St. Thomas

St. John



Published: May 26, 2020

ST. THOMAS- The Committee on Homeland Security, Justice, Public Safety, and Veterans Affairs chaired by Sen. Steven Payne, Sr. convened in a meeting at the Capitol Building on Tuesday to receive testimony on the status on the influx of crimes throughout the Virgin Islands, challenges of persecuting cases during the COVID-19 Pandemic, and the request to release inmates to reduce jail capacity. Invited testifiers are officials from the Office of the Attorney General, the Law Enforcement Planning Commission (LEPC), and the V.I. Police Department.

As a result of the COVID-19 Pandemic, OAG continues to prosecute cases and complete required work to include conducting discovery, interviewing witnesses, hiring and obtaining statements, and negotiating plea deals. However, onsite participation at the Superior Court for bench trials or jury trials is temporarily halted; according to Denise George, Attorney General of the Office of the Attorney General. Furthermore, she stated that all criminal prosecutors are continuing their prosecutorial duties while working remotely from home via telephone in collaboration with officials from the Virgin Islands Police Department. Regarding the release of inmates amid the COVID-19 related concerns expressed by the Bureau of Corrections, George mentioned that OAG opposes the release of violent offenders. However, non-violent offenders may be considered for a pre-trial release. In response to Sen. Blyden’s inquiry as to whether inmates will be temporarily or permanently released, George stated that ultimately the court determines the final decision on the status of the inmate.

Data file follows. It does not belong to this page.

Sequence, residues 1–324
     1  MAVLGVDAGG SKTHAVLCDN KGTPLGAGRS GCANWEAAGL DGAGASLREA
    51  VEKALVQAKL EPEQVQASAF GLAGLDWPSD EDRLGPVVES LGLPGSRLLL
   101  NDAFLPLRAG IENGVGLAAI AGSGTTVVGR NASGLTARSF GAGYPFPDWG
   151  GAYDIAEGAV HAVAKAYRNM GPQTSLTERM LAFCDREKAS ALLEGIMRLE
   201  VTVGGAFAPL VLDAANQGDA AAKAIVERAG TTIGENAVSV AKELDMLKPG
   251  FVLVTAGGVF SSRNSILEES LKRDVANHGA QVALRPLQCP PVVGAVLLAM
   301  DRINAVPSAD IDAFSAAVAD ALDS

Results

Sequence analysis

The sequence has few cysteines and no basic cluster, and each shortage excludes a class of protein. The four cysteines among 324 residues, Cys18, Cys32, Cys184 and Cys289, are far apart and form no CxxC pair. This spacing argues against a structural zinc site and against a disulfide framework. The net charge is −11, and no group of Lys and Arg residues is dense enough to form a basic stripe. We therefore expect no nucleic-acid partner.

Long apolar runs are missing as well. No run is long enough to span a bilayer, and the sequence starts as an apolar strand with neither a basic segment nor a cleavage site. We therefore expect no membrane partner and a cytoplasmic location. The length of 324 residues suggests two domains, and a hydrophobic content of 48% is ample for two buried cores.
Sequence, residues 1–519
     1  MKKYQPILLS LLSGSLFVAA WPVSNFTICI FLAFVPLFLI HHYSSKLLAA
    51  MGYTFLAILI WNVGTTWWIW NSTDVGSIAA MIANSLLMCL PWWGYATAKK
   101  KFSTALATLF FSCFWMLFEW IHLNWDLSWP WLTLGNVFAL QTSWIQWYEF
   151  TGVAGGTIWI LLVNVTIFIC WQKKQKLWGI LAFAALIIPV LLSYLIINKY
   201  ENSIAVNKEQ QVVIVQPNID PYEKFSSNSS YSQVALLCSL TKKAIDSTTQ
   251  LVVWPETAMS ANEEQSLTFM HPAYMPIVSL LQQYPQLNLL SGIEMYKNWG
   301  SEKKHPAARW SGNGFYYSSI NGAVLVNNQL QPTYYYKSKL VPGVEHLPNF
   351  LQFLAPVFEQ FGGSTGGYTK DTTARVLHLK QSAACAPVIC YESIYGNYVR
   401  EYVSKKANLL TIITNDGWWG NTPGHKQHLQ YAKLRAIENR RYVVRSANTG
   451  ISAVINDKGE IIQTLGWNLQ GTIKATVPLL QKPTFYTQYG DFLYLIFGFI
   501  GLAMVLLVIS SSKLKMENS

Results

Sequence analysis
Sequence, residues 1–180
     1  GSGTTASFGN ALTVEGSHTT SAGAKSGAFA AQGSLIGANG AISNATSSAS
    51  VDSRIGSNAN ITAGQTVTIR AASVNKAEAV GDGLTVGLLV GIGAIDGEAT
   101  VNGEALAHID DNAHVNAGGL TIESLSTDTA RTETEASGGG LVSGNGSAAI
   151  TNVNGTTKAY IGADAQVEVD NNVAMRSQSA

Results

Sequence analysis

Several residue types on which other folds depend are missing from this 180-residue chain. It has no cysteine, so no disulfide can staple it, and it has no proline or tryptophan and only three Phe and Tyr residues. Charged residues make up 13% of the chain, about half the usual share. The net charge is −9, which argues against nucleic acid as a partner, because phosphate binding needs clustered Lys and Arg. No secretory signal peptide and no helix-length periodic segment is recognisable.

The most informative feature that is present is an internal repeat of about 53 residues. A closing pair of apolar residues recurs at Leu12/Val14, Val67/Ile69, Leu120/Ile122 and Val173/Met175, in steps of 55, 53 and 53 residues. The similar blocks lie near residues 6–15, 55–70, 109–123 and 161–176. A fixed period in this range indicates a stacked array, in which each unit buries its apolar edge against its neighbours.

Separately, Law Enforcement Planning Commission Director Ray Martinez shared an update on grant monies awarded, funds remaining, and the increase of crimes in the Territory. Overall, the United States Department of Justice (USDOJ) awarded LEPC a total of eight grants specified to combat crime, violence against women, prison rape for adults and minors, juvenile delinquency prevention, and substance abuse. For FY 2020, Martinez mentioned that LEPC is awaiting an estimated $650K for a grant award from USDOJ. Meanwhile, LEPC must expend $1,643,676, the balance of the $2,564,614 awarded from FY 2015-2019. Additional grant awards received are $3,186,069 for the Violence Against Women Act for FY 2015-2019 with a pending FY 2020 award of $636k; and $3,867,604 for the Victims Crimes Unit for FY 2019 with an opportunity to obtain $1,493,872 for FY 2020 upon completion of the application process. Regarding the spike of crimes, Martinez indicated that crime reduction can occur with the development of an in-depth Territorial Criminal Justice Plan. “A strategic plan to address violent crimes is a blueprint. The purpose of the plan is for entities to collaborate and communicate for the betterment of the community,” said Sen. Payne.

Subsequently, VIPD Commissioner Trevor Velinor stated that to mitigate the spread of COVID-19, VIPD is apart of the Emergency Support Function-13 Team (ESF-13). The purpose of ESF-13 is to enforce the Governor’s COVID-19 mandates; two of which are to maintain crowd control and social distancing. As a result, thirty-six businesses were closed due to non-compliance. To reduce crime, VIPD is currently partnering with federal agencies. Lastly, VIPD has recruitment challenges due to a negative public image.  However, the department is working towards positively rebranding its image; according to Velinor.                                 ###

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